The first camera-based home security system was patented by an African-American lady called Marie Van Bitten Brown in 1969 as well. Her system allowed customers to remotely operate a camera that broadcast video to a television in the house and looked through peepholes on doors. Even remotely, opening the door was possible.

How “talking” smart devices communicate with one another Information is, of course, only helpful when data is shared. Three primary techniques for wireless communication between devices are used in modern home automation. Even if your smartphone lacks Wi-Fi, you can still communicate with your smart home thanks to cellular data. And while the Hub, the control panel for a smart home, has Wi-Fi capabilities, it communicates more reliably with the outside world thanks to its cellular connectivity.

The hub of the smart home is Wi-Fi. Some businesses include Wi-Fi into every smart device. While this works, Wi-Fi can drain batteries more quickly, is less dependable than cellular, and several devices might slow down your network’s functionality.

Most smart devices use Z-Wave, a wireless communication standard, as opposed to Wi-Fi. Similar to Wi-Fi, Z-Wave uses radio signals to transport data, but it does so more effectively and at a separate frequency to avoid interfering with other devices (using less battery). A Z-Wave radio on the Hub “talks” to all the devices.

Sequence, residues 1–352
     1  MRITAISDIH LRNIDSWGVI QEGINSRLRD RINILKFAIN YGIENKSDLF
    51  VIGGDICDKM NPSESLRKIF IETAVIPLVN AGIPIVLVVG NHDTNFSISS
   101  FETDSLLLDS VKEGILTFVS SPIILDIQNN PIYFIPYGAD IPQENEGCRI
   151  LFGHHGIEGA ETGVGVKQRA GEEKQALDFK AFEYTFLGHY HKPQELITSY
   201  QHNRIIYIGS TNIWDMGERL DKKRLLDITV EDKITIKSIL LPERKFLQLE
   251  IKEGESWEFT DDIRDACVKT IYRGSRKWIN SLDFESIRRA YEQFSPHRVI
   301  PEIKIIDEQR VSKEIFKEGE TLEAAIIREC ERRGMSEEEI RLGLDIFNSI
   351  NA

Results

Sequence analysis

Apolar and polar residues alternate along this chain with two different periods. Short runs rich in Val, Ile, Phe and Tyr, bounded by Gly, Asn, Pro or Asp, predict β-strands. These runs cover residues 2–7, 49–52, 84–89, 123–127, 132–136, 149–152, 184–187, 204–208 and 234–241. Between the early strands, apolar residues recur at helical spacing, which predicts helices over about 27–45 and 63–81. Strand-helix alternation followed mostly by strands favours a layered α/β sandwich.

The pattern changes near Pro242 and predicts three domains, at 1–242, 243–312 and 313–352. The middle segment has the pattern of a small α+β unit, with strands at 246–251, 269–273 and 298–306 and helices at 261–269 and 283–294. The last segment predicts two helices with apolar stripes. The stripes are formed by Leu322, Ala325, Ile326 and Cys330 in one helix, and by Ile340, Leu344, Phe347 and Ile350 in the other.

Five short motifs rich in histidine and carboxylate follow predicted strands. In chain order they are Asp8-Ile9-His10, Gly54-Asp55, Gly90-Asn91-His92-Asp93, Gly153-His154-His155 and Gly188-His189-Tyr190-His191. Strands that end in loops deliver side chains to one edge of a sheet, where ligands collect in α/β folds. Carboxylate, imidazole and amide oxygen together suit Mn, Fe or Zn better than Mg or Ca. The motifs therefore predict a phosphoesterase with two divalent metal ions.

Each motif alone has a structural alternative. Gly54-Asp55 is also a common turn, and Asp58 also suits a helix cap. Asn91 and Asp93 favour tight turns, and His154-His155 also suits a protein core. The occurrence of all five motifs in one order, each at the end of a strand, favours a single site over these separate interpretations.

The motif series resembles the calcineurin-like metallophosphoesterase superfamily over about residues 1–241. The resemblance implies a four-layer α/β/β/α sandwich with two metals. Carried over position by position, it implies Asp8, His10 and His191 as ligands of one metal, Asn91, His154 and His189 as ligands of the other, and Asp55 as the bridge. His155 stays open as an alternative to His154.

The ability of Z-Wave devices to retransmit signals is a useful feature. For example, if one light bulb is too far from the Hub, other devices will rebroadcast the signal, boosting it and extending its range.

How contemporary smart devices operate

Sharing and gathering information are wonderful, but it must be put to use. The use of data and computational power to carry out tasks is the core of home automation. Here are just a few examples of what a smart home is capable of:

  • One of the simplest things to set up when developing a smart home is automated light control. You can start automating your house by adding smart light bulbs to your fixtures or using wireless light control plugs for your lights. Individual lights can be dimmed, turned on, or off using your phone, or their operation can be automated. Learn more in this post about the applications for smart lights.
  • One of a smart home’s most potent features is access control via smart door locks. These gadgets allow you to lock and unlock a door using your smartphone from any location, and they can also do it automatically based on the location of your phone or the activation of another sensor. Additionally, every smart lock comes with a keypad that eliminates the need for misplacing house keys. Discover more about the features of smart locks.
  • Smart thermostats provide you the ability to change the temperature in your home remotely or set it according to the season, a particular event, or the time of day.

The ability to set up your gadget

Through the app or web interface, you may configure the smart system’s rules, scenes, and schedules.